The leading case of Lyle v Allianz demonstrated the opportunity for insurers to seek appropriate remedies when there has been a potential abuse of the Practice Direction 8B process. In response to this, we have developed a successful strategy to force portal claims out of 'incubation' and towards their appropriate conclusion.
Why is this strategy needed?
The Ministry of Justice Portal ("the portal") applies to all employers' liability, public liability, and motor bodily injury claims valued between £1,000 and £25,000.
The claims are progressed in accordance with the Pre-Action Protocols for Low Value Personal Injury Claims for either:
- Road Traffic Accidents or;
- Employers' Liability and Public Liability Claims.
Practice Direction 8B deals with those claims where the parties have followed the relevant Protocols within the portal, yet have been unable to agree damages before limitation expires.
Paragraph 16 of PD 8B provides guidance in these circumstances. Where compliance with the relevant Protocol is not possible before limitation expires, a claimant can start proceedings under CPR Part 8 stating the stay is required in order to comply with the Protocol.
The procedure works well in situations where both parties are committed to concluding the claim within the Protocol. There are also costs benefits to defendants in enabling such claims to continue, as it removes the need for the claim to exit the Protocol and Part 7 proceedings to be issued.
However the procedure potentially allows claimants to secure a lengthy stay under Part 8, yet doing nothing to progress the claim. This allows claimants to arguably obtain further evidence during this period, even in circumstances where the value of the claim would then far exceed the £25,000 portal limit.
As the first reported example of a challenge to this type of behaviour, Lyle v Allianz involved a transfer of a claim to Part 7, following a stay of over two years, during which it became apparent to the Claimant's representatives that the value of the claim was far in excess of £25,000. Their application to lift the stay and transfer the claim to Part 7 was successful. The Defendant issued an application to set aside that order, and strike out the claim.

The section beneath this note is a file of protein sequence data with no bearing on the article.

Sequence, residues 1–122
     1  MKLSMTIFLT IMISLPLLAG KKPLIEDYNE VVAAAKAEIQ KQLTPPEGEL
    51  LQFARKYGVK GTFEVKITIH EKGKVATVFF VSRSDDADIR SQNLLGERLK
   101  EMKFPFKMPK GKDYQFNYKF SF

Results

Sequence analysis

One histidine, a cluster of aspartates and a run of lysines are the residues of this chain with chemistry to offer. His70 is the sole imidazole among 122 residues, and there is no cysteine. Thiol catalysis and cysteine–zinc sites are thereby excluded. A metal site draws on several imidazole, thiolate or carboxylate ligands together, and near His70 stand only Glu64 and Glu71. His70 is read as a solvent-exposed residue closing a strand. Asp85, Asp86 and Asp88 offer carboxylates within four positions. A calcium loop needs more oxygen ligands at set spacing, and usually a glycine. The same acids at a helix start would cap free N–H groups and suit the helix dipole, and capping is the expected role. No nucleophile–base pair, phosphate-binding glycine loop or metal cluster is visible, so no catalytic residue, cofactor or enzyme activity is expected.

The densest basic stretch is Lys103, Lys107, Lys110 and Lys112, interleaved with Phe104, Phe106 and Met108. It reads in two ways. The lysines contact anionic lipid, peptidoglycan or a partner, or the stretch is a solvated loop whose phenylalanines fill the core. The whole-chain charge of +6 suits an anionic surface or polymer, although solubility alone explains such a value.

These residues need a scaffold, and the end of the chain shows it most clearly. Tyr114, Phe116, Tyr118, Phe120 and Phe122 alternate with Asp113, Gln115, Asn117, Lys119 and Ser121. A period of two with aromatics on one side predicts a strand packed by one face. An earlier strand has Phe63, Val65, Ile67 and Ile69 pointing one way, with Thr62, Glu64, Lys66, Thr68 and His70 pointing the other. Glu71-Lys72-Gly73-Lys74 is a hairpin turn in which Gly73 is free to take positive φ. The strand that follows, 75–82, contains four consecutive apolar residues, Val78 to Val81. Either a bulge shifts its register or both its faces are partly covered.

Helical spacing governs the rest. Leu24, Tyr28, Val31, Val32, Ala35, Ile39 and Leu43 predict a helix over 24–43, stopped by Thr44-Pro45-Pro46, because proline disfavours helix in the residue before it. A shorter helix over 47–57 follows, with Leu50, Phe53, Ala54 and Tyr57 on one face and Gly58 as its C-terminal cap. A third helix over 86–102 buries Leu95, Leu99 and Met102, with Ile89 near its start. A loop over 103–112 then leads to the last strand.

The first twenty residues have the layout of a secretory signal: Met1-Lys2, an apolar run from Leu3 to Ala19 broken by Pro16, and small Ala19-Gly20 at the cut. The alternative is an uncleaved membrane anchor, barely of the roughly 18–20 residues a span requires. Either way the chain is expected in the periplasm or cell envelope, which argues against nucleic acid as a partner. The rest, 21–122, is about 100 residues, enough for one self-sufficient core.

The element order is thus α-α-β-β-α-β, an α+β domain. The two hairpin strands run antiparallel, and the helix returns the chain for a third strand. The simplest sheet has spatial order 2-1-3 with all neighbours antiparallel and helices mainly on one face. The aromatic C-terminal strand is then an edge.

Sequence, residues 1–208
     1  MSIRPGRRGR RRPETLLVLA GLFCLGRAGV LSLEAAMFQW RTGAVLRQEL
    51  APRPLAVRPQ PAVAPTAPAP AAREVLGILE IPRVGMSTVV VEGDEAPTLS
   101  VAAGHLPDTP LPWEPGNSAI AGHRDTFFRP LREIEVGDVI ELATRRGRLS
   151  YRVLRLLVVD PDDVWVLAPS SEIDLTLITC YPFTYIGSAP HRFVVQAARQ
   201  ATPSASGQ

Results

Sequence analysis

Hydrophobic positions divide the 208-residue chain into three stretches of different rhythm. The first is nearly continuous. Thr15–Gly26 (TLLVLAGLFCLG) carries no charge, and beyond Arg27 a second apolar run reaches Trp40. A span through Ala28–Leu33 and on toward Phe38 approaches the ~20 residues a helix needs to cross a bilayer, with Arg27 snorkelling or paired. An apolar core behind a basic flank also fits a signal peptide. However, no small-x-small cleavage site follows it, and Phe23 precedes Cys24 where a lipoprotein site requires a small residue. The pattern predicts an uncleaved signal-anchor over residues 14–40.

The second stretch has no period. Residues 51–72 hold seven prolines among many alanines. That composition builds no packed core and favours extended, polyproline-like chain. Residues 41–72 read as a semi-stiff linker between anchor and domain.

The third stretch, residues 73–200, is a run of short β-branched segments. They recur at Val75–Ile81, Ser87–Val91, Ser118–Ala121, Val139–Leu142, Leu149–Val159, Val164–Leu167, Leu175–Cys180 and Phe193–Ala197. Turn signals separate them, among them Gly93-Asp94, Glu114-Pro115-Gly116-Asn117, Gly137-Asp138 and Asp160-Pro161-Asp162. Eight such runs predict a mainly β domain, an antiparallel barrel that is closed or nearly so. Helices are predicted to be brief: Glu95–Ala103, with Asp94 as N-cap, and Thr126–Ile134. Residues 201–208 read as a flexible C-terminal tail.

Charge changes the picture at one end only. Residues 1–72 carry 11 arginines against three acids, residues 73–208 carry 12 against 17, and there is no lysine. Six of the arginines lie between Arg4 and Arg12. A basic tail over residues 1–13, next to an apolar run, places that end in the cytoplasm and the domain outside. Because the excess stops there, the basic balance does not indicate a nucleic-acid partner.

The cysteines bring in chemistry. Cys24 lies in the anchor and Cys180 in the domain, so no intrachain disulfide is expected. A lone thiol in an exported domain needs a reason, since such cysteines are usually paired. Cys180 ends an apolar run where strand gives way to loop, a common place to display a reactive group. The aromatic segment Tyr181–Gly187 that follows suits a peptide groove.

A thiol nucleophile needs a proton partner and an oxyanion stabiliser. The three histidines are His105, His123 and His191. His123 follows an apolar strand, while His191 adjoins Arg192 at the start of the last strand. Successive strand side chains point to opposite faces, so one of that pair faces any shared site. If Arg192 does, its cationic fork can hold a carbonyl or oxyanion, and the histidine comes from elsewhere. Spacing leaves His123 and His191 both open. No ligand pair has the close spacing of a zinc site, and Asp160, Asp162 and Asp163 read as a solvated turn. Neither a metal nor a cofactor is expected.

The claim was struck out. The Court found that claimants should review the potential value of the claim on a regular basis, giving notice when it appears the value exceeds the upper limit. The failure to give such notice is capable of amounting to an abuse of the process, as "the state of affairs offends against every aspect of the CPR and the overriding objective".
In light of Lyle v Allianz, the basis of our strategy is simple - force portal claims out of their 'incubation' towards a proper conclusion or progression.
We also aim to identify those cases which are not suitable for the portal, and progress them within the appropriate court process without allowing unnecessary delay.
We have developed a simple step-by-step process, with actions to be taken by the case handler each month, concluding with an application to the Court where necessary.
The successful implementation of the strategy where an application to the Court is required also provides much needed guidance on how the courts deal with these issues.
The benefits of the strategy include:
- The actions are cost neutral – costs orders are made in our favour of the successful applications, with no order as to costs on the rare occasion of an unsuccessful application
- Accurate reserving of cases
- Proactive case management
- Reduced life cycle of cases
- Reduced indemnity spend
Since implementing the strategy Clyde & Co has had numerous successes, with 26% of cases struck out or discontinued. Our full results for cases where the strategy has been applied are as follows:
|Stage 2 pack served||50%|
|Claim struck out||23%|
|Claim transferred to multi track||12%|
|Claim transferred to fast track||9%|
|Claimant accepted existing offer||3%|
The content of this article is intended to provide a general guide to the subject matter. Specialist advice should be sought about your specific circumstances.